But now even those international organizations that are often supportive of Israel’s militancy seem to be joining the consensus that Tel Aviv is on an irrevocably perilous course.

Few international law experts would defend Israel’s fervent settlement-building on occupied Palestinian land.

Yet the Western powers, led by the United States, have brought little pressure to bear on Israel to cease its illegal activities.

In fact, without US and European funding it would have been nearly impossible for Israel to build settlements and transfer over half a million Israelis over the years to live on stolen Palestinian land, in violation of numerous international laws including the Fourth Geneva Convention.

Worse still, trade with European and other countries sustained these illegal settlements, allowing them to flourish at the expense of Palestinians who have suffered massive ethnic cleansing campaigns since 1967.

But at last EU diplomats in east Jerusalem and the West Bank are speaking out in unequivocal terms.

In a report released at the end of last month, the diplomats declared that “settlement construction remains the biggest single threat to the two-state solution. It is systematic, deliberate and provocative.”

The report called on EU states “not to support … research, education and technological co-operation” with settlements and to “discourage” investing in Israeli companies that operate in the occupied territories.

Expectedly, the report is non-binding. And even if such recommendations are considered, Israel and its EU friends and lobbyists are likely to find loopholes that would deprive any EU action of substance and vigor.

Without civil society action focused on turning up the heat on European governments, especially die-hard supporters of Israel such as the British government, business with Israel is most likely to carry on as usual.

Not only is Israel flouting international law but the supposed guardians of international law are the very ones that are empowering Israel in carrying out its illegal acts, disempowering and bankrupting Palestinians.

Last January an Oxfam report said that the Palestinian economy, which is currently in utter disarray, could generate urgently needed income – $1.5 billion to be exact – if Israel eased its restrictions in the Jordan Valley alone.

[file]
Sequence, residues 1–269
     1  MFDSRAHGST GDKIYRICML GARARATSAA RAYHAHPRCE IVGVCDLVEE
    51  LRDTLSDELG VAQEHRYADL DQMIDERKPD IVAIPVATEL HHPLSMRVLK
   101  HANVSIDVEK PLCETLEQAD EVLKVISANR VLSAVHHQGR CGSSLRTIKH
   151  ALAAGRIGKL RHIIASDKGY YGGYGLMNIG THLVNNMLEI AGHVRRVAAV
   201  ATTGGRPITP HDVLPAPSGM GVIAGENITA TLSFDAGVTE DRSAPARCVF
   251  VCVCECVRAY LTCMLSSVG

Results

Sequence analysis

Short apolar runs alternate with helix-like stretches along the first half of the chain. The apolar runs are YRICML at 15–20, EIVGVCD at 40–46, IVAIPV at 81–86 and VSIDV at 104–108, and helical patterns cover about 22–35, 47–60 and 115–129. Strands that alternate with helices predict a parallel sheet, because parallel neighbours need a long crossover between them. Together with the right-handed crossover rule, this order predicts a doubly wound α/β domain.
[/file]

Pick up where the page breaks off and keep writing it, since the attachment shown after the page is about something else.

But without suitable access to their own land and to water sources, Palestinians in the valley continue to struggle while the settlers are thriving.

Although the US government is well known to have done everything in its power to defend Israel at any cost and ensure Israel’s superiority and military edge over all of its neighbors, the EU has falsely acquired a more balanced reputation. Nothing could be further from the truth.

In a recent report the Palestinian rights group al-Haq emphasized that trading in produce grown in settlements had “directly contributed to the growth and viability of settlements by providing an essential source of revenue that allows them to thrive.”

The reported value of total EU trade with illegal Israeli settlements amounts to approximately $300 million a year. This may appear small compared with the $39bn of total trade between the EU and Israel reported in 2011, for example, but it does mean that “the EU has some room for leverage given it is Israel’s largest trade partner, and it receives some 20 per cent of total Israeli exports,” as pointed out by Dalia Hatuqa writing for al-Monitor.

The fact is that Europe is ultimately taking part in the subjugation of the Palestinians by funding Israel’s illegal occupation and its massively growing settler population. And no amount of diplomatic “recommendations” or newspeak can alter that fact.

But settlement growth cannot be considered in a vacuum. It makes no sense to talk about boycotting settlements while supporting the main organs that ordered or sanctioned the illegal settlements in the first place.

So differentiating between products made in Israel or those made in the settlements is absurd at best.

The settlers are not self-sustaining autonomous outposts. They are considered part and parcel of the so-called Israel proper.

In the eyes of the Israeli government there is little distinction between settlers from Ma’ale Adumim or residents of Tel Aviv.

Yigal Palmore of the Israeli Foreign Ministry responded to the EU report in withering terms.

“A diplomat’s mission is to build bridges and bring people together, not to foster confrontation. The EU consuls have clearly failed in their mission,” he said.

Nothing is random in Israeli planning. As is already the case in various parts of the occupied territories, Palestinians are becoming an unwanted presence on their own land.

Prime Minister Benjamin Netanyahu’s has decided to develop more settlements in an area known as E1, which is set to cut off east Jerusalem from the rest of the West Bank.

There is unlikely to be a turning back from the construction plans, which include the building of 3,000 settler homes in the land corridor near Jerusalem.